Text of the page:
National Museum of American History - National Numismatic Collection Chinese Coins
The Smithsonian's National Numismatic Collection (NNC) is America's collection of monetary and transactional objects. This diverse and expansive global collection contains objects that represent every inhabited continent and span more than three thousand years of human history.
Established in the mid-19th century, several of the earliest additions to the NNC were artifacts from Japan, Korea, and China, including coins and medals gifted to President Ulysses S. Grant from Japanese Emperor Meiji (received in 1881) and the 2,025 East Asian coins, amulets, and notes from George Bunker Glover’s private collection (received in 1897). These donations were the foundation of the NNC’s East Asian holdings, which continues to grow with new acquisitions, such as the Howard F. Bowker collection in 2017.
During 2017-2018, the NNC digitized more than 8,000 of its East Asian Coins, making them publically accessible and available for research worldwide. The NNC is now working to digitize 6,000 Chinese notes and paper transactional objects that range from the Ming Dynasty to the present day.
One of the main challenges to the digitization process is transcription, transliteration and translation of several Asian alphabets. Sometimes this can be done quickly, but often the process is too lengthy for NNC team members to complete while moving the project forward efficiently. In order to continue to share these objects rapidly, we need your help! The 50 coins here are a pilot project that will help our team (and you!) figure out how best to make these objects available and more easily searchable online.
The digitization of the East Asian coins and Chinese banknotes would not have been possible without the generous support of the the Howard F. Bowker family and Michael Chou.
Our Transcription & Review Process
We seek to balance quality and speed with our transcription process; your feedback helps us improve our approach. At the moment, this is how our system works:
1) Anyone can start transcribing or add to a transcription of a document.
2) Once a volunteer decides they’ve “finished” and they’re ready for review, a different volunteer (who must have an account on the site) can review the transcription and either send it back for edits, or complete the transcription.
3) The finished transcript is sent to the Smithsonian, where it may be used immediately, or undergo additional work.
How to Transcribe the National Museum of American History Chinese Coins
Write like you read
Many of these objects have multiple languages on them, most commonly Chinese and English. Always record what you see from top to bottom, but if it is read left to right (like Chinese), top to bottom (also like Chinese) or right to left (like English) record it as such.
Make sure you describe which side of the coin you are transcribing
When you are recording the text or images on the coin, please note if you are recording the obverse or reverse of the coin. Obverse images will be on the left or top and reverse images will be on the right or bottom. We also ask that you record text in the language you see it in and in CAPITAL LETTERS when applicable (see below image for example). If one side of the coin contains NO TEXT, please indicate this by typing N/A text to the side indicated in brackets. (see second picture below for example).
Images and Portraits on the Coins
Many of these coins contain images or portraits of well-known individuals and icons. When you come across these, please describe the image in the notes field of the transcription page. NNC staff are particularly interested in recording the specific details of the individuals and symbols represented on these coins, so please be as specific as possible if you are able to identify who/what is depicted.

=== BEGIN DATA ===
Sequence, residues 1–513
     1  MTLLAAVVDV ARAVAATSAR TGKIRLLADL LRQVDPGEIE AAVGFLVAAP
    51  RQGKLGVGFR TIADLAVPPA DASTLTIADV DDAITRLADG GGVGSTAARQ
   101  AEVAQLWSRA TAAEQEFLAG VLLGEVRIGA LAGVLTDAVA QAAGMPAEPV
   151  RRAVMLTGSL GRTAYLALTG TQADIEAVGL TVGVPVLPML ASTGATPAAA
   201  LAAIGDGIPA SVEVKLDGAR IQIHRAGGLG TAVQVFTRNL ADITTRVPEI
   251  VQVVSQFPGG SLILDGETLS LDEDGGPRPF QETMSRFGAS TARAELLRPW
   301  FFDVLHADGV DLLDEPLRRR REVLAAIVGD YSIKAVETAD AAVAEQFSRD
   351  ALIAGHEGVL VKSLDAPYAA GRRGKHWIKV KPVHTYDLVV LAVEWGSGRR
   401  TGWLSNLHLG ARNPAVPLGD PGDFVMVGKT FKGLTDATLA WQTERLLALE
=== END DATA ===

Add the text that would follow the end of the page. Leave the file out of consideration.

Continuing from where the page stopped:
Example: [[Obverse Text]] THE REPUBLIC OF CHINA TWENTYCASH
See image above and below for examples including reverse text transcribed in Chinese, and image descriptions left in the notes field:
Transcription \ Transliteration \ Translation
We are first and foremost looking for transcription of the text on these coins, so if recording Chinese is your strength, please help us transcribe away! There are several methods for inputting Chinese characters. If your computer has the Chinese keyboard (for Chinese (Simplified) Pinyin or traditional Chinese) please simply type out the characters as you normally would, corresponding to what you see on the coin. If your tablet or phone has a handwriting input keyboard for Chinese characters, go ahead and draw out the characters as you see them on each coin. Please note that if you only have a Chinese (Simplified) Pinyin keyboard, but the coin you are working on contains traditional Chinese characters, you can use the corresponding simplified Chinese in your transcription. We simply ask that you note this in the notes field of the transcription page. If you are able, however, to transcibe the traditional Chinese, please do so!
In order to provide an English pronunciation, Chinese characters are sometimes romanized to their Latin alphabetical equivalent. There have been several Romanization systems used since the 17th century; three in particular are visible in the National Numismatic Collection's Accession Records: Wade-Giles, the Yale System, and Pinyin. If you would like to (and are able) to transliterate the text on the coins, please use one of these three systems.
If you choose to record the transliteration, please indicate this by typing in the transcription text box [[Transliteration]] before the transliterated text (see example image below).
Translation is always welcome, but not required, as our main goal is transcription. If you would like to translate the text on these coins, please do so, and record any translations in the alongisde the transcribed or transliterated text by indicating [[Translation]] before typing the translated text (see example image below).